(This may have been a thankless research project but– under the Google entry “Political poetry” is the definition:  “poetry that is related to activism, protest, and social concern, or that is commenting on social, political, or current events. Read poems for social justice, politics, Black Lives Matter, and protest.”  (Doesn’t sound real conservative…)

Poetry Reblog: Nan

Published August 7, 2022 by Nan Mykel

 

 

 

 

 

THE EARTH IS FLAT AFTER ALL

Dubbed Democracy, it used to be

top of the line, the lead ship at sea,

and on the land it served as well,

until the strains of its death knell fell,

 

having an underbelly swole

with all the pilfered things they stole

in broad daylight, and on tv!

Gone is the half belief in he

who’ll take us safely to the shore

while staying steadfast to the core.

 

The compass nestles in the deep

while those on board remain asleep.

They used to say the earth was round,

that right makes might, but I found

that all I knew I now know not,

and not so sure that we’ll endure,

to make a safe arrival.

Nan

Friend Felix Speaks Again

Published July 19, 2022 by Nan Mykel

4th of JULY:  GOOD GRIEF!

If you like pretty poems, please look away,

for here I lament decay, dying and death.

I’m not bemoaning my dying contemporaries,

who lately fall like old-growth trees in a forest.

Nor do I pre-grieve my own impending death.

 

My concern is for the fate of our democracy,

as it is doing a dangerous dance with doom.

Our precious political freedoms are eroding.

Our fractured center seems not to be holding.

 

Our democracy could be in its death throes.

Female bodily autonomy has been outlawed,

voting rights have been wantonly suppressed,

there is massive support for Trump’s Big Lie.

 

The Supreme Court defies the majority’s will.

Throughout our land gun fetishism flourishes.

Louder liars shout down the voices of veracity.

Violence grows, the environment degrades.

 

This Independence Day is a day of gloom.

Sadly I fly our tattered flag upside down.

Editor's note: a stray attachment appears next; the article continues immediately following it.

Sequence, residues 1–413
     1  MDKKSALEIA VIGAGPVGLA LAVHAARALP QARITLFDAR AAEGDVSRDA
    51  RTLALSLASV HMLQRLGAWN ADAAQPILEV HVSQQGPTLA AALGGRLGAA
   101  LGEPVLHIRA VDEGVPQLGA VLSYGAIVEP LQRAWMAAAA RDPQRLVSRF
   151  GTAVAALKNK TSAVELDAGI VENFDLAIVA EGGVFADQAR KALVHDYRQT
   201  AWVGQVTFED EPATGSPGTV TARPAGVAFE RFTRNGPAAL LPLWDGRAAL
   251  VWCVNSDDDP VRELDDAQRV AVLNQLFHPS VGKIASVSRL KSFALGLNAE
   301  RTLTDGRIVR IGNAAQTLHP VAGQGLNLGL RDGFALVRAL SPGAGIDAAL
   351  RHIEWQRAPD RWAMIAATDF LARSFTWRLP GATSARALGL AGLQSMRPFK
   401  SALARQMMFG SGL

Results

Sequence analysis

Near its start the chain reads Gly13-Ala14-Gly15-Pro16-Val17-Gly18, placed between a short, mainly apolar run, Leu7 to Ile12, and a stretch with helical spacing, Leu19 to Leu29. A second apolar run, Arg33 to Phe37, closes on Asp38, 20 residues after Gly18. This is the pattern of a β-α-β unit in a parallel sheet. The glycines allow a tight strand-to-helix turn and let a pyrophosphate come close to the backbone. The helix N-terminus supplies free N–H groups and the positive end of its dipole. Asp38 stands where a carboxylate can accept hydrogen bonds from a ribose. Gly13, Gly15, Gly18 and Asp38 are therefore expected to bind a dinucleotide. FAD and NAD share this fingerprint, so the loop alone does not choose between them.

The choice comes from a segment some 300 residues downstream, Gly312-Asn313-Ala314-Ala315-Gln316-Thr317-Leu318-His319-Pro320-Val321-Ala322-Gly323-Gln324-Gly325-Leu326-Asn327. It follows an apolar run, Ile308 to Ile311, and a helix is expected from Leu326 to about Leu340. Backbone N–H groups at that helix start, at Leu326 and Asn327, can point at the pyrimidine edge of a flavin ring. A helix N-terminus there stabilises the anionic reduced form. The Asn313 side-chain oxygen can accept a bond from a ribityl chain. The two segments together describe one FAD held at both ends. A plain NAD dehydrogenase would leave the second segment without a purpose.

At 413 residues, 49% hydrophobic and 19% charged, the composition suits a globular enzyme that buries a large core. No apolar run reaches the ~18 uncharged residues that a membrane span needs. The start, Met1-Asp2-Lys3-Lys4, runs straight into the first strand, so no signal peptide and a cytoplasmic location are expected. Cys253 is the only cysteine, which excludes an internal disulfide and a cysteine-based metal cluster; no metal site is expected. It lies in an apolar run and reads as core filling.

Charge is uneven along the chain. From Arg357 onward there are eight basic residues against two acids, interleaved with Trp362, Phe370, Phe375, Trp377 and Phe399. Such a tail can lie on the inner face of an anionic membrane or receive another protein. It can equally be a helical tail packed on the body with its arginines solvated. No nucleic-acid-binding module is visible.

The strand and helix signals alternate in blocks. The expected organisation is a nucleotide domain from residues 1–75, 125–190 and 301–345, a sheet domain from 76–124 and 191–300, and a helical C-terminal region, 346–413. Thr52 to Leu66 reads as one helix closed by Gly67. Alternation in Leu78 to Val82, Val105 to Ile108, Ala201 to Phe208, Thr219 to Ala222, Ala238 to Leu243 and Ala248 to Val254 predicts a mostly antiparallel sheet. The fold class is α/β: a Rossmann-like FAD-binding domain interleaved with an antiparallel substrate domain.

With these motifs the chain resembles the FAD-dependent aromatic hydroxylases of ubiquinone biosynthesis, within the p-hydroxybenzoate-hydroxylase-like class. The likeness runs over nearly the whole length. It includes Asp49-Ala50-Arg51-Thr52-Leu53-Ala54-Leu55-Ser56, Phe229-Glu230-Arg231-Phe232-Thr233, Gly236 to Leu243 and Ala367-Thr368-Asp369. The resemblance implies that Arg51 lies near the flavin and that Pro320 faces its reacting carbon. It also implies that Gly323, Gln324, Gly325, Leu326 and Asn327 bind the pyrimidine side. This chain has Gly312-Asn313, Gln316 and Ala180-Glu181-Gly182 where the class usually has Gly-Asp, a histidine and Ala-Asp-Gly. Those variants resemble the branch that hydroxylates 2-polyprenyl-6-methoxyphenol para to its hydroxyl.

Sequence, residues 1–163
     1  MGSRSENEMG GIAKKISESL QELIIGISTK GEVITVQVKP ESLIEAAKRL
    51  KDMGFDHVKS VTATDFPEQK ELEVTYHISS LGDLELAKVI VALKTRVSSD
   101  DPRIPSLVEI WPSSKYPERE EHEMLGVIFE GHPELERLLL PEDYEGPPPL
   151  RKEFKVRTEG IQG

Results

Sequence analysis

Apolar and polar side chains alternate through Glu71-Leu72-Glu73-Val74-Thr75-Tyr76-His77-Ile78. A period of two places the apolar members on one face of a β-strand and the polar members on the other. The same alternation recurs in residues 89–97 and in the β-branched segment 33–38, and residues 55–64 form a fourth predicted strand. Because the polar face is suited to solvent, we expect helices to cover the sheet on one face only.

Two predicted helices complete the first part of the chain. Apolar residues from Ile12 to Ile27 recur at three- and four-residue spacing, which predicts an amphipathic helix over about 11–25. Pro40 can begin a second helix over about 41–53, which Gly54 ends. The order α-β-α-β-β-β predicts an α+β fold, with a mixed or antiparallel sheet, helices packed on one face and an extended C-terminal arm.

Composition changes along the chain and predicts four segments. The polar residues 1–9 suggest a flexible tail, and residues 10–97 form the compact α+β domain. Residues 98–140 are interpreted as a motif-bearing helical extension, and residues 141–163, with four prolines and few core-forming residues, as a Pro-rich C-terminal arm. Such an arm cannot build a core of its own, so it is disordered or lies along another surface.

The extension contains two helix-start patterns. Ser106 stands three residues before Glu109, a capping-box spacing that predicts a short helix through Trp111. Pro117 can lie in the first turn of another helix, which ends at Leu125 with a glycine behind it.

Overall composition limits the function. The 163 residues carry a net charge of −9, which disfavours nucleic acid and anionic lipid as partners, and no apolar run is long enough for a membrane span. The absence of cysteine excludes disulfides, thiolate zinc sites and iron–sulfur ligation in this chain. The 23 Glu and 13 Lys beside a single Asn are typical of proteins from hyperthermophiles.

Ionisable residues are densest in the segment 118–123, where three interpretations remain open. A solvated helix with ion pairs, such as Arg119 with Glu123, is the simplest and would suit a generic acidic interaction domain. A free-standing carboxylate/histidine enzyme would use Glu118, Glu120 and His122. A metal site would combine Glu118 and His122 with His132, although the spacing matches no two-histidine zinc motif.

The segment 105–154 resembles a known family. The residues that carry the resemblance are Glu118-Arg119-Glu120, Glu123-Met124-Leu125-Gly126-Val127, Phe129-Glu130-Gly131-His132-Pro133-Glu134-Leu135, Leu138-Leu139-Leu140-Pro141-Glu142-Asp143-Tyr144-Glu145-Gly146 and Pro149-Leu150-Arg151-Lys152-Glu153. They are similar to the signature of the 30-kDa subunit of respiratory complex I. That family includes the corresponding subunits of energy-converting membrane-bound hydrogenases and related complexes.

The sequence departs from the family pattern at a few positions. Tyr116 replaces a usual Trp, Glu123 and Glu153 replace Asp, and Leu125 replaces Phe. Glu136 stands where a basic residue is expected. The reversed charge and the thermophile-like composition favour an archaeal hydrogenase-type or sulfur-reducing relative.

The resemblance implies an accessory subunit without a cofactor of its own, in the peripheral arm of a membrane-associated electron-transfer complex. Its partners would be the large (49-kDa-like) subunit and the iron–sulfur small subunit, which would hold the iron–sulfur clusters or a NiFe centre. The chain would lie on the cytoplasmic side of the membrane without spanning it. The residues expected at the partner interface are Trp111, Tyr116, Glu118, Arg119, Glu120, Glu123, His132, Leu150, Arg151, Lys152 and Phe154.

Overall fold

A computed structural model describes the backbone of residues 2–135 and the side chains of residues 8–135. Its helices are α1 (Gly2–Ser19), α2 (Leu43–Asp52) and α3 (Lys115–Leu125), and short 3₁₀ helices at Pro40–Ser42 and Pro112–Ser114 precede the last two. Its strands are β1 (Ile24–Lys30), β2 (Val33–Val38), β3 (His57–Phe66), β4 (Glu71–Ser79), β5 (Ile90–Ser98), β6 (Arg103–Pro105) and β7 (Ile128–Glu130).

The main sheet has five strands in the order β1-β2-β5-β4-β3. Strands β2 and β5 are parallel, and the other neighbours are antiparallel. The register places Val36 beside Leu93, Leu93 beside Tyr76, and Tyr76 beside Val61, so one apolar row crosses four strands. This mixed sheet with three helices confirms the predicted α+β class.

Today I can’t sing Happy Birthday America!

In these dark days, I weep as I sing of thee.

 

Felix Gagliano,  July 2022

 

SAY WHAT?

Published July 4, 2022 by Nan Mykel

 

 

 

 

 

 

 

Stand up for your rights!

Raise the roof!

It’s a hard life, so

Pay Peter to Pay Paul.

and shake up the crowd!

 

Don’t tiptoe through the tulips

You’re such a cry baby!

Lend a hand, scaredy cat

Long gone, I figure,

but you take the cake, Mate!

 

Don’t be down in the dumps

Chill out! High as a kite?

Shake a leg, hit the road

He’s a nut on a blind date

and a bear before coffee.

 

That’s a hard one to swallow,

I swan!  Give me a hand here

Get the lead out! You’re the cat’s

pajamas, knuckle head,

Too hot to trot!

GUEST POEM By Ruth H. Reilly

Published June 25, 2022 by Nan Mykel

Springtime
Russia invaded Ukraine February 24, 2022 in the early morning                                                                                                                                                                                    just as the early star magnolias began to bloom, their scent wafting.

Cities were bombed, homes destroyed and people fled
While the cherry blossom trees by the river opened up in the cold and wet.
A naked woman was raped over and over, then shot in the head in a fur coat
In this bumper crop year for the fragrant lilacs.